When Kids Just Don’t Want to Read: One Teacher’s Approach to Engaging Readers

Daniel Mark Pedroza

“Read, read, and read more!” This is what students see and hear year after year. Some students even wonder why teachers, especially English as a second language (ESL) teachers, insist so much on reading. Year after year, I encounter the same attitude and the same struggle during conversations with my colleagues, “How do I engage students to read, especially those who have little or no desire to read?” Over the course of my career teaching dozens of different classes, I have had to motivate and encourage hundreds of thousands of struggling and reluctant readers to simply sit back and read. But how?

The 2019-2020 school year has been dynamic, in terms of my students’ range of English proficiency, strengths, and needs. I have had to adapt and refine my approach to motivating and engaging readers. After trying a variety of different strategies, I found success with introducing competition into my classroom.

Engaging Readers Requires Multiple Styles of Teaching

Let’s look at an example of how I go about engaging readers, especially the reluctant ones, in my classroom. I had a student with a below grade-level Lexile® level at the beginning of the year and an attitude that was not going to help him progress. “Achieve3000 is boring,” he told me.

I explained to him how the program was going to work throughout the year and how he could earn points by completing lessons—reading non-fiction articles, answering multiple-choice questions, and writing responses to text-based questions that require students to cite evidence from the text. Unfortunately, this gamification didn’t seem to be initiating any increased interest. But when I let him know about how he could win an actual prize every month, he quickly became engaged.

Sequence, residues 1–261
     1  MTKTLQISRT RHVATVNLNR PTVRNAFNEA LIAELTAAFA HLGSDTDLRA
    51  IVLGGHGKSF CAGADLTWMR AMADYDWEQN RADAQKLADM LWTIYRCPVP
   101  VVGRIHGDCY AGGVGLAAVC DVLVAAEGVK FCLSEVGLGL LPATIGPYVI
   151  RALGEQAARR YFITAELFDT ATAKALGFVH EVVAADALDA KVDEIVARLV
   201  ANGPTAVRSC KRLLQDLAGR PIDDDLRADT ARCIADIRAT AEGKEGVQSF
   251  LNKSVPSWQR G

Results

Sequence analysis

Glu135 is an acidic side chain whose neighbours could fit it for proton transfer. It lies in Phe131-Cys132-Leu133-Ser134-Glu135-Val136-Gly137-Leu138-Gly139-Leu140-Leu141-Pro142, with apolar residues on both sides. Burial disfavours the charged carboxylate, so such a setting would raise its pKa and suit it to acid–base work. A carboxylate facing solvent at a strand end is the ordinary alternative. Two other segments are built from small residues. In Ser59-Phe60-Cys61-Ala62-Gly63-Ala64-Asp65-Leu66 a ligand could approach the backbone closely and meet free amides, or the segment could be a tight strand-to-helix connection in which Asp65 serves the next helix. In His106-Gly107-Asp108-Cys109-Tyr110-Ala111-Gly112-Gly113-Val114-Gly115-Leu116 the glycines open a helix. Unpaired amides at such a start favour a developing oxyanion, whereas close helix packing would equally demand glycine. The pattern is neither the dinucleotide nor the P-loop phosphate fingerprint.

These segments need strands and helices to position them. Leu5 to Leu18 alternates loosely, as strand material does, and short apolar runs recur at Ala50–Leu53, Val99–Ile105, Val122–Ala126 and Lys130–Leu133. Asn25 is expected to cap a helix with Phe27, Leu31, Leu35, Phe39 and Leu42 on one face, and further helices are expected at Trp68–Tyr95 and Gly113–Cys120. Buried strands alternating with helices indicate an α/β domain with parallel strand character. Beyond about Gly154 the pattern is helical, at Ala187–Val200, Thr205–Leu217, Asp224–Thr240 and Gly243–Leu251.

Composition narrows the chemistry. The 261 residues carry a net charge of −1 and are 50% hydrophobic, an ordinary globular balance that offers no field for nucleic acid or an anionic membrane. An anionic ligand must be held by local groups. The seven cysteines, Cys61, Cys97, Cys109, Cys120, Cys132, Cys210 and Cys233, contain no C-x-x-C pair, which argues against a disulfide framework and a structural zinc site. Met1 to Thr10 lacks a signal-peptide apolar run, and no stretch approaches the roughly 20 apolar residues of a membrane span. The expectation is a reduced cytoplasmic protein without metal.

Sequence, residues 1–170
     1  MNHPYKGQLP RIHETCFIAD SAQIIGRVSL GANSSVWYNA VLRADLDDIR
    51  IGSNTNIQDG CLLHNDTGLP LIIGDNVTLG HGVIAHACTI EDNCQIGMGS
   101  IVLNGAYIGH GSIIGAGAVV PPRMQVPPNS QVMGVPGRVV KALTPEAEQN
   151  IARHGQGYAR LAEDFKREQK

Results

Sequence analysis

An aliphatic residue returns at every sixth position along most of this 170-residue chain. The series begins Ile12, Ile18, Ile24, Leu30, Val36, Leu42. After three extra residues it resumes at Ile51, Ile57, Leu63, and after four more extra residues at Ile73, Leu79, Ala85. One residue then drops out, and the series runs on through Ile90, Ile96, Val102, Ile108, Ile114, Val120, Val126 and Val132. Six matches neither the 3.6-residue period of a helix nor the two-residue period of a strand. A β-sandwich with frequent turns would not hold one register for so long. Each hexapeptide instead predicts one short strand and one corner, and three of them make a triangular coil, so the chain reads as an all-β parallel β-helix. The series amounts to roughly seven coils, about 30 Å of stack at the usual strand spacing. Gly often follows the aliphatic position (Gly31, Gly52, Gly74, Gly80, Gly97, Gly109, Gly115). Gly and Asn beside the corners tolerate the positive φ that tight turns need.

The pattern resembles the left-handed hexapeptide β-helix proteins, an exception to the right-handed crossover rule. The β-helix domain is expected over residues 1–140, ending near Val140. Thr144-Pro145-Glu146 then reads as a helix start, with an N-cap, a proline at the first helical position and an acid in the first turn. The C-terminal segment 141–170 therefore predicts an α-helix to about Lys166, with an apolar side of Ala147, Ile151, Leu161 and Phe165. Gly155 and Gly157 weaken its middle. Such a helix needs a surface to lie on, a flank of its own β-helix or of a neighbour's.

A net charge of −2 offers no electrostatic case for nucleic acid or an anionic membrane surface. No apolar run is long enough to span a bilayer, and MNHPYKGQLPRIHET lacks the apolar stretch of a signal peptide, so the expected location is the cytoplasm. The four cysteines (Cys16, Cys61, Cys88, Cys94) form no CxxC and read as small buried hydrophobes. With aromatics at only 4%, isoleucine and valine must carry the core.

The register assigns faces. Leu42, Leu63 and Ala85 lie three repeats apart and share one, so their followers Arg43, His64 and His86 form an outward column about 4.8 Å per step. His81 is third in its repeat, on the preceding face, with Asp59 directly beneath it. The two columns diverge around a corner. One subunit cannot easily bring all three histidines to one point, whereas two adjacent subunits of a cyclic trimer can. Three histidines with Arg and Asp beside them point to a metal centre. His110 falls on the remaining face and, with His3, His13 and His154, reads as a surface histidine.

I explained how Achieve3000 Literacy delivered content at his specific reading level, and that he would be competing with other students on an even playing field. Every student was not judged by their score, but their amount of growth. Because the leveled content and lessons make the concepts and reading practice available to all students, everyone has the same opportunity to grow. And then, when he learned that he could win some school spirit wear, the race was on. He was eager to read and his grades. He would ask me about his gains weekly. At first, his gains were gradual and had only gone up 35 Lexile points, but after a few months, he had increased his Lexile level by 125 points. I explained to him that this was quite a bit of growth and that he was doing a fantastic job.

Progress Leads to Student Growth

This formerly struggling reader is now eager to read and is no longer asking the question, “why should I read?” Instead, he has a defined purpose and a goal. Even after his accomplishments, he continues to strive to excel and score his best. He still has a long road ahead, but he is armed with the motivation to persevere. Achieve3000 brings differentiated instruction to every teacher, so we can better serve every student. We can find new ways to encourage students in new ways. Ultimately, Achieve3000 Literacy brings success to so many who may not have imagined it.

To discover other ways of engaging readers in your classroom, check out our other literacy resources.